Newport drugs gang ordered to pay up
10:52am Monday 23rd September 2013 in News
TWO men who are serving long sentences for their roles in the drugs gang responsible for bringing in almost £250,000 worth of heroin into Newport will only have to repay a fraction of what they earned.
Appearing before Cardiff Crown Court on Friday, Gareth Jarvis, 30, and Carl Matthews, 41, both of Gaskell Street, Newport, are both currently serving jail terms of ten and eight years respectively for their roles.
Appeared before recorder judge Eleri Rees, the court heard how Matthews benefited £45,950 from the sale of the drug, while Jarvis benefited £56,465.
Matthews was ordered to pay £1,950 in 28 days from his available assets, while Jarvis was ordered to pay £6,640.19.
Also appearing before the court, was Fiona Walbey, 24, of Phillip Court, Newport, who served a 26 week sentence suspended for 12 months for her role.
Complications in regards to her assets in relation to the sale of a car registered in her name, meant that the case was adjourned until November 6.
Earlier this year, Jarvis admitted conspiracy to supply Class A drugs and producing Class B drugs.
Matthews pleaded guilty to conspiracy to supply Class A drugs.
Walbey, admitted permitting her premises to be used to supply a drug of Class A and permitting her premises to be used to produce a drug of Class B.
In total seven men and two women were sentenced for their parts in a £250,000 drug gang that brought heroin into Newport.
The gang brought the Class A drug along the M4 corridor from London and distributed it throughout South Wales to places including Newport, Barry and Swansea.
In January, Prosecutor Hywel Hughes told Cardiff Crown Court that Matthews and Jarvis “stood at the pinnacle of this operation.”
Matthews would meet a London-based Albanian man at various service stations along the M4 between July and December 2011.
There, he would pick up consignments of drugs before bringing them back to Newport and storing them either in the wheelie bin or buried in the gravel in the garden of Jarvis’ home in Lysaght Avenue which he shared with then-girlfriend Walbey.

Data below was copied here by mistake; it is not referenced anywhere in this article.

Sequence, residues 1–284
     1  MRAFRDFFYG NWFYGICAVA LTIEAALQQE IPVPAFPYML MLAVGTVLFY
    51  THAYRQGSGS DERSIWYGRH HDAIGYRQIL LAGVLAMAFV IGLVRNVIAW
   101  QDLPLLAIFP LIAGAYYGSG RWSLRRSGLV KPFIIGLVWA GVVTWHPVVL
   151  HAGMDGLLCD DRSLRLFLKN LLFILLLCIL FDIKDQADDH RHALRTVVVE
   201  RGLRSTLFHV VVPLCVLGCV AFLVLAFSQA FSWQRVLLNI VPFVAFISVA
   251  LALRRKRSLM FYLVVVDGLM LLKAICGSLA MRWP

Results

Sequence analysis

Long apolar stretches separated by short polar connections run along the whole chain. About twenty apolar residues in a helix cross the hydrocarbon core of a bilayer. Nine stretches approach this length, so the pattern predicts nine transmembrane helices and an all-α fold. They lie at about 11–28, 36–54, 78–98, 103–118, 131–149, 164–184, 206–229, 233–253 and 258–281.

On November 30, 2011, police were watching the gang and saw Matthews pull up outside Jarvis’ home and go inside carrying a bag before coming out six minutes later empty-handed.
They raided the house and found Michael Fayers, 31, of Llanthewy Road, Newport, stood in the kitchen just feet away from the bag which contained four solid blocks of heroin, wrapped in socks.
Each block weighed around 500g and had been cut, so each had a street value of around £50,000, totalling £200,000.
Upstairs, police found Jarvis and his cousin Richard Conibeer, 23, of Fernside, Lliswerry, along with a cannabis cultivation system in the attic, 34 cannabis plants and £4,000.
Mr Hughes also said Fayers, whom he described as Jarvis’ lieutenant, had been stopped by police in July 2011 after he was seen coming out of the home of Jason Croft, who was also jailed in 2012 for his role in the conspiracy, and getting in a taxi.
Fayers is currently serving a seven year sentence, while Conibeer got 12 months, but due to time spent on remand, was allowed to walk from court.
January’s sentencing follows three others, Stewart Evans, Kevin Williams and Croft, who were locked up last year as part of the same conspiracy, this time involving the supply of £45,000 worth of the drug.
Officers were initially alerted to the activities of the gang after a call was received reporting suspicious activity in Caerleon on March 18, 2011, which led to the arrests of Croft, Williams and Evans over the following four weeks after being found in possession of heroin with a street value of £1,000.
Based on the information gathered, officers investigating wanted to make arrests further up the supply chain and Operation Hawkeye was established.
The operation involved covert surveillance of Jarvis due to mobile phone records linking him to the mobile phones taken from Croft, Fayers and Williams.
Police gathered evidence of meetings and conversations and ultimately led police to the source of the drugs in London.
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